QUOTE (sonickid23 @ Wed 17 May 2006, 19:36)
so what is this preamp gonna do exactly? Does it make the sound clearer? Or just boost it some?
Well, the typical preamp does several things, but there are three basic functions:
(1) Nearly all mics produce output levels that are very, very low compared to
a typical "line" level. If you were to plug a mic directly into, say, a power amp
input, you wouldn't hear much if anything. The first thing the preamp does is
provide additional gain, to raise the mic's output level up to "line" level.
Most mixers and some A/D interfaces have mic preamps built in. Among
the gear that is affordable to us non-celebrity types, built-in preamps
range from fair to awful. They can be all right for, say, miking a guitar amp
or a drum kit, but their deficiencies tend to get exposed when used to
record demanding tracks like lead vocals or accoustic guitars.
Really high-end mixing consoles have great preamps, but we can't
afford them. So manufacturers have taken to building separate preamps
for the purpose. Most of us don't need a whole console full of great
preamps; we only need one or two, so we can buy a box that contains
a mono or stereo preamp of superior quality and not have to mortgage
our houses for it.
(2) Some preamps are designed to emphasize or "color" certain
frequencies for specific purposes. For example, preamps that contain
tube front-end circuits are often said to make vocals and keyboards
"warmer". In theory, you can accomplish the same thing with EQ,
but it's sometimes more practical to just use a good preamp made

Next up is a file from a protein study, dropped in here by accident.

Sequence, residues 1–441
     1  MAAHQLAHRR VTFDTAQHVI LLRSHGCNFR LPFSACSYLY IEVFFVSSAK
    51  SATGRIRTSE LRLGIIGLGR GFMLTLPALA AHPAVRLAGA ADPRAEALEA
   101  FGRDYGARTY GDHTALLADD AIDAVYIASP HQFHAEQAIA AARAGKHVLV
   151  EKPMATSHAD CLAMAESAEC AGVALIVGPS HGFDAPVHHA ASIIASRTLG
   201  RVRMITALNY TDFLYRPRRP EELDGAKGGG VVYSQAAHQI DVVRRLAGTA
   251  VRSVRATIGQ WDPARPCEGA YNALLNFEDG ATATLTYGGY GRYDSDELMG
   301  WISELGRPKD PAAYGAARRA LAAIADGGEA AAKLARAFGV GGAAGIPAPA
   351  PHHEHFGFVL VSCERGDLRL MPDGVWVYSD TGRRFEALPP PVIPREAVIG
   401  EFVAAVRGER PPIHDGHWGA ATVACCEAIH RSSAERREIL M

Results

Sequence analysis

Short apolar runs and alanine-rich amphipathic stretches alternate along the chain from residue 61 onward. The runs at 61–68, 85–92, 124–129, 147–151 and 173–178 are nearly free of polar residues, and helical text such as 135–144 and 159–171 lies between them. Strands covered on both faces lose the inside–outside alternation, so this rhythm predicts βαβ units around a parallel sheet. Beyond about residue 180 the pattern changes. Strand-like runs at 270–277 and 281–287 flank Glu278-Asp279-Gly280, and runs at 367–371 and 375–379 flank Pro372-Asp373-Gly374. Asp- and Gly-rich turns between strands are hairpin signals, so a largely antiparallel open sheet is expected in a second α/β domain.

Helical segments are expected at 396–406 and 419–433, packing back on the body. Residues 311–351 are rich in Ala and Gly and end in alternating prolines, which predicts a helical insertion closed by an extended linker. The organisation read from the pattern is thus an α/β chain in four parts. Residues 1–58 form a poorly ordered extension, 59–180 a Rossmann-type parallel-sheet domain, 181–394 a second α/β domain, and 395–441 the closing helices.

for the application than drive yourself crazy trying to tweak an EQ.
(The same consideration applies to mics.) Also, many preamps
have some basic filtering funcitons designed to solve certain
problems. For instance, mics that have a cardiod pickup pattern
are notorious for "proximity effect", which means that the bass
response goes up as the singer gets closer to the mic. To keep
the sound from becoming too boomy, many preamps have a high
pass filter that can be switched in to roll off the low bass some,
and compensate for the proximity effect.
(3) Nearly all modern mics, except for certain dynamic and ribbon
types, have "pre-preamp" circuitry built into the mic itself. There are
several reasons for this, but let's just say for simplicity that most
mics require some source of power. Some mics can be powered
with batteries. But there's a long-standing practice in the studio
equipment world that mics usually get their power supplied to
them from the preamp; this is called "phantom power". (It uses
a clever way of feeding the power to the mic back up the mic
cable, using the same conductors that the audio comes in on.)
A switch that is often marked "48V" or some such is the switch
on the preamp that turns on the phantom power to the mic.